smart growth e-briefs
News and Tools For People Shaping Our Communities October 2008

Image of the Month
Broadcast on PBS the week of 10.10.08
Driven to Despair
PBS Special makes connection between the high cost of gas, the mortage crisis and inefficient development patterns

David Brancoccio, host of the PBS program NOW, takes a close-up look at our nation's transportation network, energy markets and the impacts to our economy, growth and changing lifestyles.

Called "Driven to Despair", this is the first segment of a year-long, PBS-wide series called "Blueprint America," which focuses on the nation's ailing infrastructure. It illustrates how smarter growth decisions are being shaped by economics, global warming and personal choices.

Our question is... Will Rhode Island's growth, development and transportation policies be aligned to fully capitalize on the changing paradigm?

Watch all or parts of the 30-minute program HERE.


Grow Smart Rhode Island

Board of Directors

Deming E. Sherman

Chairman of the Board

Susan Arnold
William Baldwin
Rebecca G. Barnes
Samuel J. Bradner
Kenneth Burnett
Joseph Caffey
Robert L. Carothers
Jen Cookke
Trudy Coxe
Dennis DiPrete
Stephen Durkee
Stephen J. Farrell
John R. Gowell, Jr.
Akhil C. Gupta
Michael S. Hudner
Stanley J. Kanter
Howard M. Kilguss
Dennis Langley
James Leach
The Rev. James C. Miller
Thomas V. Moses
William M. Pratt
B. Michael Rauh, Jr.
Richard Schartner
Lucie G. Searle
Pamela M. Sherrill
John C. Simmons
Curt Spalding
James F. Twaddell

Directors Emeritus

Arnold "Buff" Chace

Louise Durfee, Esq.
J. Joseph Garrahy
Michael F. Ryan
Frederick C. Williamson
W. Edward Wood

Board Listing with Affiliation


Scott Wolf

Executive Director

Sheila Brush

Director of Programs

John Flaherty

Director of Research & Communications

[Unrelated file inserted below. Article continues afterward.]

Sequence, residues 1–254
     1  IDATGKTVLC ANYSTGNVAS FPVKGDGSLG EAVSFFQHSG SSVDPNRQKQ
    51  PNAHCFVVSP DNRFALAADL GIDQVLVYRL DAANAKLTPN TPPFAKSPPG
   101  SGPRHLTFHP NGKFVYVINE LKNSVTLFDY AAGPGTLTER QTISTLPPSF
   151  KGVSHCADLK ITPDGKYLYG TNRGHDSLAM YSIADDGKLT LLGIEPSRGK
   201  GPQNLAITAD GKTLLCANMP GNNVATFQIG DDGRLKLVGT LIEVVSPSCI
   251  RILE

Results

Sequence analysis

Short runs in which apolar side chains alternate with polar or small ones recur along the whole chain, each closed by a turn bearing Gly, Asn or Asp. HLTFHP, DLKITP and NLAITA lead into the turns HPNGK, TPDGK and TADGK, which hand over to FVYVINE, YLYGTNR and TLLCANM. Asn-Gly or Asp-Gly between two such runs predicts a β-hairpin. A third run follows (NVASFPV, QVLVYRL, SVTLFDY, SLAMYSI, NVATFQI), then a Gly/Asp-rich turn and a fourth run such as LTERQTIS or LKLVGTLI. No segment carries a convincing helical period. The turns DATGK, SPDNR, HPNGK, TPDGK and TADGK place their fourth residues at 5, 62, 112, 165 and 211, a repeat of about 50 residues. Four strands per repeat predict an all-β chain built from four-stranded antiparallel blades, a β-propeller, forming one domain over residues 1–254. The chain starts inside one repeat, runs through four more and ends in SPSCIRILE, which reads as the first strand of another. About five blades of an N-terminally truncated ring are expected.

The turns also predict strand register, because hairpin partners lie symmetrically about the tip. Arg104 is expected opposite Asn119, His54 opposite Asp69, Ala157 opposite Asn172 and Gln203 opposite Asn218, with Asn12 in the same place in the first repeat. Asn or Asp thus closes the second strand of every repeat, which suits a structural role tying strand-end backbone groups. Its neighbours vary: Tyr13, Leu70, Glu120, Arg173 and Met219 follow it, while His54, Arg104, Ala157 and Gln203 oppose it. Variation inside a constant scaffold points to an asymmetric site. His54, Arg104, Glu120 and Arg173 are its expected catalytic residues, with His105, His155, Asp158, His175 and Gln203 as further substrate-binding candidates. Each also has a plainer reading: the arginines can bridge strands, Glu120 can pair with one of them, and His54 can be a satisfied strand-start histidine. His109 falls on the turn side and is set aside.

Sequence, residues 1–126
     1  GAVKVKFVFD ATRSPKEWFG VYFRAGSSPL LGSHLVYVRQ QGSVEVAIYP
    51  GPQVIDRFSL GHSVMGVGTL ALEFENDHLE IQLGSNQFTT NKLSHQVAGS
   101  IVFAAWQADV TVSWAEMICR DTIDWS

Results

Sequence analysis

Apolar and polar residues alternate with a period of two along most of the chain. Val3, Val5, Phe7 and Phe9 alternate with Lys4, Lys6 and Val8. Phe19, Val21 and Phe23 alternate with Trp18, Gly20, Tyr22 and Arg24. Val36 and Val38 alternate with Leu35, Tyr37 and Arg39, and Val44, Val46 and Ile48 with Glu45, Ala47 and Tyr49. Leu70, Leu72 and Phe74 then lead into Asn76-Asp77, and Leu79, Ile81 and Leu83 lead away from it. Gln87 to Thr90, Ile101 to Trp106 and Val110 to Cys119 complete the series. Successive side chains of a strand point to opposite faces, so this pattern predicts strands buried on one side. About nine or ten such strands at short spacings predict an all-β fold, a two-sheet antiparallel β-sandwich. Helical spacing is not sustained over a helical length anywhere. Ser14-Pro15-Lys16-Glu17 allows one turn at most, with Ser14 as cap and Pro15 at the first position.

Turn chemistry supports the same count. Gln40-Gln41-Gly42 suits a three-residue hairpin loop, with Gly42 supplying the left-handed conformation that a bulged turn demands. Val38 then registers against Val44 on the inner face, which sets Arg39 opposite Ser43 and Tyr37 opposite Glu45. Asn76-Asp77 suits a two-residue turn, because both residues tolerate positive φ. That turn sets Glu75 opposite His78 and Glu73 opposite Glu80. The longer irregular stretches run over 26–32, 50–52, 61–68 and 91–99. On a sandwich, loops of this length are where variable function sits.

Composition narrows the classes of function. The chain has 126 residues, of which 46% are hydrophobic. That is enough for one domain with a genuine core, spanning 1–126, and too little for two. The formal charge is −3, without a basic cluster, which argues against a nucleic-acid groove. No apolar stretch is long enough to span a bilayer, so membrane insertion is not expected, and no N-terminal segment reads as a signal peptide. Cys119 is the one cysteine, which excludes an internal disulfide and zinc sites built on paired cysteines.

Leslie Denomme

Executive Assistant for Finance

Dorothy Dauray

Office Assistant

Lauren Pendergast

Training Coordinator


In the September e-brief, we inadvertently omitted RI DEM as one of the sponsors of Grow Smart's 2008 Power of Place Summit.

Also in the September e-brief, we incorrectly described the NYLO Hotel in Warwick as a "recycled" building. It is in fact a newly constructed building on recycled land.

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Dear John,

You're among the 3,682 civic leaders, state & local officials, development professionals, journalists and visionary citizens getting the latest news, happenings and trends in the smart growth movement from Grow Smart Rhode Island.

  • Will a transportation funding solution
       emerge in time to avert proposed RIPTA
       service cuts?
  • Following last month's Financing Transit Summit, encouraging developments suggest that support is building to strengthen public transit in Rhode Island. Whether the necessary action will be taken remains to be seen.

    According to RIPTA Chairman John Rupp, if more money isn't committed to the authority "in the near future, we're going to run out and the buses will stop." Due mainly to the rising cost of fuel and a significant drop in gas tax revenue, RIPTA has gone from a balanced budget in March to projecting a $10.2 million deficit for the current fiscal year, FY '09. RIPTA has indicated that, absent an immediate funding solution, it expects to begin implementing 20% service cuts on January 19, 2009.

    Since September 23rd, when the New Public Transit Alliance (NuPTA) - of which Grow Smart is an active member - convened key business, civic and political leaders to examine RIPTA's funding challenges, several positive developments have emerged, including the following:

    The Governor's Blue Ribbon Panel on Transportation Funding, originally convened to recommend new ways to fund sorely needed road and bridge repairs, has now signaled a willingness to include public transit funding needs as part of its recommendation to the Governor and the General Assembly.

    The House Finance Committee initiated an unusually early set of hearings on October 14th about transportation funding issues. Leaders acknowledged the convergence of several pressing transportation related needs and indicated their intention to confront them in a comprehensive way. House Finance Committee Chairman Steven M. Costantino was quoted as saying that RIPTA is "going to need an infusion of resources."

    NuPTA and the Blue Ribbon Panel are refining and coordinating their respective funding recommendations and are expected to forward them to the Governor and legislative leaders by mid- November.

  • A few spaces left ... for innovative